Deadly impact of China’s COVID-19 cover-up



Exclusive: The global coronavirus spread could have been reduced by 95 per cent if China had revealed when it first learned the disease was infectious, according to damning new research to be published this week.

As international fury builds against the Chinese Communist Party's handling of the pandemic and legal challenges mount against the regime, a News Corp Australia investigation shows the true impact of the cover-up.

More than a thousand Australians have now joined a global class action suing China and the lawyer leading it said the whitewash will be central to the suit, which is seeking more than AUD$10 trillion.


"Had they acted immediately, it would have changed the entire spectrum of the world population being affected by this. And most of the studies say between 50 and 95 per cent could have been changed," said Jeremy Alters, head strategist at Berman Law Group.

"It's at least 95 per cent, because had they closed the city when they first learned about the human to human transmission … it would have bought the world somewhere between six and eight extra weeks before it ever got here.

"Six to eight extra weeks in the lifetime in which we've been living for the last three or four months is an eternity."

Research by Britain's University of Southampton shows the spread would have been dramatically reduced if containment measures were in place before Wuhan and three other cities shut down on January 23.

Had containment strategies been implemented at the start of January, when China first hid the fact that the virus was contagious, the spread could have been reduced by 95 per cent, according to the research to be published in Nature in coming days.



Doctors at two hospitals in Wuhan separately reported to the Chinese CDC on December 27 and December 29 that the then-unnamed coronavirus was contagious, but it wasn't until January 20, after weeks of trying to suppress the information, that the Chinese government announced this finding.

If the measures "could have been conducted one week, two weeks, or three weeks earlier in China, cases could have been reduced by 66 per cent, 86 per cent, and 95 per cent, respectively, together with significantly reducing the number of affected areas", says the research, which accords with several other studies.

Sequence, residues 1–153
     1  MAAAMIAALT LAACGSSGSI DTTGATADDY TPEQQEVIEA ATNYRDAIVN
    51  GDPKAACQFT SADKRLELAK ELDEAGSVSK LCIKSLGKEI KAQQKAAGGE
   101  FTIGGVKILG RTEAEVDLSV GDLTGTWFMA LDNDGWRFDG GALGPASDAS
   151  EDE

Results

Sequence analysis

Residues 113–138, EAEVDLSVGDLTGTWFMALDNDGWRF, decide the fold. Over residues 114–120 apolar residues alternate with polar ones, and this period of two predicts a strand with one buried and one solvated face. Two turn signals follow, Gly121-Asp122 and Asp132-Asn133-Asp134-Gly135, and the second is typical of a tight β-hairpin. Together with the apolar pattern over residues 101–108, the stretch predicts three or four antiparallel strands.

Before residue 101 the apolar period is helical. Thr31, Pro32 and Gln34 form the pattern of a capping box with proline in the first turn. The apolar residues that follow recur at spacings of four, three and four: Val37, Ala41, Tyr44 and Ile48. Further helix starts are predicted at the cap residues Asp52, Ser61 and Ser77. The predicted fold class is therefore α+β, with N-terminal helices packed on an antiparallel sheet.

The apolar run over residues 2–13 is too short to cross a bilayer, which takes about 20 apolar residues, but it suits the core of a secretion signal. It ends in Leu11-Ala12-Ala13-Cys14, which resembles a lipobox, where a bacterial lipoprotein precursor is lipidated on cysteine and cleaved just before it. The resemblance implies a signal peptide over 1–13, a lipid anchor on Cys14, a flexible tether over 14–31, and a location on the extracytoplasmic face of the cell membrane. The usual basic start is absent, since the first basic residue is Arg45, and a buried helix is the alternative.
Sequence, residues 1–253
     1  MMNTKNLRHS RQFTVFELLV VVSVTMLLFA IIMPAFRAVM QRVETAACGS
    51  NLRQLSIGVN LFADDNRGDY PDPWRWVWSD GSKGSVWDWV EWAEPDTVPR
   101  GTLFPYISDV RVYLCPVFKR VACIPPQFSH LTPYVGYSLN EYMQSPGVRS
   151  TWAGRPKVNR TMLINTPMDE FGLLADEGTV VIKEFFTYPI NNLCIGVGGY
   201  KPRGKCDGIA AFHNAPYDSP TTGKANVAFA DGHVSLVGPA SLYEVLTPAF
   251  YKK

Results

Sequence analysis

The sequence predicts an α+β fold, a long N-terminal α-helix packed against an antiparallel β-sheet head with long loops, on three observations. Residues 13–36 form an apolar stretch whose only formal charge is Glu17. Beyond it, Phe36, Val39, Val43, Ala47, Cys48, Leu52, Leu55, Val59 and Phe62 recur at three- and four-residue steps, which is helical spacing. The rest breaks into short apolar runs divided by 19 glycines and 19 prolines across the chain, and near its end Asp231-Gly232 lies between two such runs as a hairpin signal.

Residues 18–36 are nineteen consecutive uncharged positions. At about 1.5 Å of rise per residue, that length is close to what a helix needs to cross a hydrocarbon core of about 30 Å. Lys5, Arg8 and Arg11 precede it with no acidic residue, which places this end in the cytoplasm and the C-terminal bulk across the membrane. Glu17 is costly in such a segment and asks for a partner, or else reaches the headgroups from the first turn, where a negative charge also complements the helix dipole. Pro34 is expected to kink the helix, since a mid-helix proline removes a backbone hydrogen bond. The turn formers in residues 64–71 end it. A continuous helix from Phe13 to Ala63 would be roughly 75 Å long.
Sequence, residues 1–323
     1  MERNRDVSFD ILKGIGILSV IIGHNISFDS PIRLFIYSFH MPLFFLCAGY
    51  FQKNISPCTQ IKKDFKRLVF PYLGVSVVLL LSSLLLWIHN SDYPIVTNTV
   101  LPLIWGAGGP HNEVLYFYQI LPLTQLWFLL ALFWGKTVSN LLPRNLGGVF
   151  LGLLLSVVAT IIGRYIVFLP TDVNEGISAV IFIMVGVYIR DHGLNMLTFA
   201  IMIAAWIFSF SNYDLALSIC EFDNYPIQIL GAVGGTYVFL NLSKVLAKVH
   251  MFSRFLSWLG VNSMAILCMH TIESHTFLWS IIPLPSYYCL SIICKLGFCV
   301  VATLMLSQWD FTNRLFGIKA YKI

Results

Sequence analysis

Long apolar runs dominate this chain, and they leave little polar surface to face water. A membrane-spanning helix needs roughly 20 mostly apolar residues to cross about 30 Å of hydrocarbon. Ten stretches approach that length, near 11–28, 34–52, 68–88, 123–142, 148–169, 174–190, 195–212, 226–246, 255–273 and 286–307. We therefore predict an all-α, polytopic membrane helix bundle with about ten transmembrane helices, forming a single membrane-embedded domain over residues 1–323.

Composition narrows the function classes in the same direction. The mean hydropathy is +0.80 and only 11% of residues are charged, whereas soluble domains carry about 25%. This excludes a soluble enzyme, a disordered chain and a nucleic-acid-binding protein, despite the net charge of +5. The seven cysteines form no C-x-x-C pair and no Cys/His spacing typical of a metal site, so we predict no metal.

Lead researcher Professor Andy Tatem said the study also showed that had China not imposed its January 23 quarantine for another month, there "would have been an outbreak of about 70 times bigger than actually happened".

"It's also important to emphasise that this was the most stringent and massive lockdown that any government has ever done. I know there's a lot of focus on the early stages and maybe China could've stopped it," he said.

"But also, it's quite amazing what was actually done in terms of the lessons that are now being learned across the world and the fact that many countries have had far more time, far more information and still failed to stop it."



The preliminary findings into "non pharmaceutical interventions" were first released last month, said Prof Tatem.

The research, which uses anonymous mobile phone tracking data supplied by telcos, has also been expanded globally, with a study to come later of the spread in Europe to be published next month. Another, that would include information on Australia, is slated for later.

Prof Andy could not confirm if Australian data was already being used, saying permissions about access were still being sought by the researchers.

As the global COVID-19 infection toll approached 3 million yesterday there were increasing calls to hold China accountable.

US President Donald Trump and Prime Minister Scott Morrison are among world leaders to demand a detailed probe into the origins of the pandemic.

Staff arrive into Sydney on a flight from Wuhan on January 23. Picture: Flavio Brancaleone
Staff arrive into Sydney on a flight from Wuhan on January 23. Picture: Flavio Brancaleone